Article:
"Felina" is the series finale of the American drama television series Breaking Bad. It is the sixteenth episode of season five and the 62nd overall episode of the series. Written and directed by series creator Vince Gilligan, it aired on AMC in the United States and Canada on September 29, 2013.
The plot finds Walt evading a nationwide manhunt for him in order to return to New Mexico to deliver the remaining profits from his illegal methamphetamine empire to his family, and to carry out revenge upon the neo-Nazi gang who double-crossed him, killed his brother-in-law Hank, took Jesse captive (although Walt does not know this) and present a threat to his remaining immediate family. Before doing so however, knowing the cancer will soon kill him, Walt revisits his former acquaintances to settle his affairs and properly prepare himself for his death.
Upon airing, "Felina" was met with wide acclaim from critics. Several critics have called it one of the greatest series finales of all time.
After leaving the bar, Walt leaves New Hampshire in a Volvo, with Marty Robbins' song "El Paso" playing on the tape deck. He returns to New Mexico and tracks down Gretchen and Elliott Schwartz (Jessica Hecht and Adam Godley) at their new house in Santa Fe, after posing as a reporter for The New York Times. In order to circumvent the suspicions of the DEA and Skyler he orders them to give his remaining $9.72 million to Walt Jr., who will inherit it upon turning eighteen, saying this is their chance to "make things right". The Schwartzes believe there are snipers waiting outside, and after Walt tells them they'll always be watched to ensure they keep to his instructions, they agree. After Walt leaves, he pays Badger Mayhew (Matt L. Jones) and Skinny Pete (Charles Baker) for aiming red laser pointers at the Schwartzes and posing as hitmen. Walt learns from Badger and Skinny Pete that Jack Welker's (Michael Bowen) gang has been cooking and distributing blue meth and realizes Jesse (Aaron Paul) is still alive.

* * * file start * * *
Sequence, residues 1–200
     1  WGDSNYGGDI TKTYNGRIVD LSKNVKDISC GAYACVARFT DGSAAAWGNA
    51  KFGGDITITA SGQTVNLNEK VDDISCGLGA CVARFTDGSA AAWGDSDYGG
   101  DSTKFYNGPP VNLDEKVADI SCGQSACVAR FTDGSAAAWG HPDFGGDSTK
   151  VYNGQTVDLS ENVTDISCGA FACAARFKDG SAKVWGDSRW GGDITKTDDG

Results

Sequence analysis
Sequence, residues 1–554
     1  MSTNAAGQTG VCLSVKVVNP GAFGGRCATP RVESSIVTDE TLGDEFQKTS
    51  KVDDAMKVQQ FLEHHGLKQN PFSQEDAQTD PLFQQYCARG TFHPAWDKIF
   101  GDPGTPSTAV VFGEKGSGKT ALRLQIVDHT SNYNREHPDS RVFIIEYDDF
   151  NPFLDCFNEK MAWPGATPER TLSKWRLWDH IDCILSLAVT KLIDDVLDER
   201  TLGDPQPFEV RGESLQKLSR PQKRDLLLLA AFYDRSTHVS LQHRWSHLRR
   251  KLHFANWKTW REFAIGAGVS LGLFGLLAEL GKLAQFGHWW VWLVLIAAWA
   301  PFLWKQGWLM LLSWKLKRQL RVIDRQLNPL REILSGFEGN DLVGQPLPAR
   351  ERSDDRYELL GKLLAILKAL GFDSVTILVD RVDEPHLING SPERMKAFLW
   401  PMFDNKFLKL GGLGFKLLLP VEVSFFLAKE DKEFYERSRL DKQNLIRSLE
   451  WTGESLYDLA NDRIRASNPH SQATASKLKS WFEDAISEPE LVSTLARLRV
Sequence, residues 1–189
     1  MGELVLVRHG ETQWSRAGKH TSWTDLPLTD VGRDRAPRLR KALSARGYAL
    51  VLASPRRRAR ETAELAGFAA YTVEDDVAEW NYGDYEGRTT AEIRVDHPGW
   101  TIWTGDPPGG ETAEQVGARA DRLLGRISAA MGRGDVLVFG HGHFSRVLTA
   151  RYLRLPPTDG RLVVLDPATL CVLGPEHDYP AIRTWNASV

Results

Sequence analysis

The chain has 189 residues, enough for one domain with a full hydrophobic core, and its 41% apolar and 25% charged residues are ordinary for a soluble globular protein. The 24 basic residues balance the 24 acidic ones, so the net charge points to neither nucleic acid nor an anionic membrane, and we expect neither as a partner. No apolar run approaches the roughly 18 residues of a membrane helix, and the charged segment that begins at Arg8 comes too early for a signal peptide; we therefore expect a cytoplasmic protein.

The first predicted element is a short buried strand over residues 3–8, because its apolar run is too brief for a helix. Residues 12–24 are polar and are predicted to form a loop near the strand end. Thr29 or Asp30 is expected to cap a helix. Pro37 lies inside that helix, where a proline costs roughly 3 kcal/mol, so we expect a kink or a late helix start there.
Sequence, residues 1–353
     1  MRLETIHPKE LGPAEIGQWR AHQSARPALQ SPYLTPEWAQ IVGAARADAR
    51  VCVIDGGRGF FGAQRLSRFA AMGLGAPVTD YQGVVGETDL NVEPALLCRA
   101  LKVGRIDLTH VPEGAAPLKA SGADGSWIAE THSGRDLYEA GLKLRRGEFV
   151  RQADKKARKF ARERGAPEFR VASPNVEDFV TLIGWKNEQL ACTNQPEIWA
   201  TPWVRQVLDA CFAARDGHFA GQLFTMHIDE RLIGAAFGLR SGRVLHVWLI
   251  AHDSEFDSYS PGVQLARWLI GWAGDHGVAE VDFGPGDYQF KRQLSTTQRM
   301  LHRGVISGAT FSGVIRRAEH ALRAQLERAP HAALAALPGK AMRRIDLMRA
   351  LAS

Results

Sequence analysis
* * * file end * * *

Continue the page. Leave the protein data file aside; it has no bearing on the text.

On his 52nd birthday, Walt purchases an M60 machine gun and retrieves the ricin from his abandoned house. He intercepts Todd (Jesse Plemons) and Lydia's (Laura Fraser) meeting at a coffee shop and makes a business proposal, offering a new formula for methylamine-free meth. Todd turns him down, but Lydia feigns interest in order to lure Walt into getting killed by Jack. Later, Skyler (Anna Gunn) receives a phone call from Marie (Betsy Brandt), who informs her Walt is back in town. Marie is unaware that Walt is already with Skyler. Walt leaves Skyler with the lottery ticket on which the coordinates of Hank (Dean Norris) and Steve's (Steven Michael Quezada) graves are printed and advises her to use it to negotiate a plea bargain with the authorities. Walt tells Skyler his life as a drug kingpin was for himself rather than his family, stating that he did it because he enjoyed it, was good at it, and it made him feel alive. Skyler allows Walt to see Holly one last time while she sleeps. After leaving, Walt watches from afar as Walter Jr. (RJ Mitte) arrives home from school.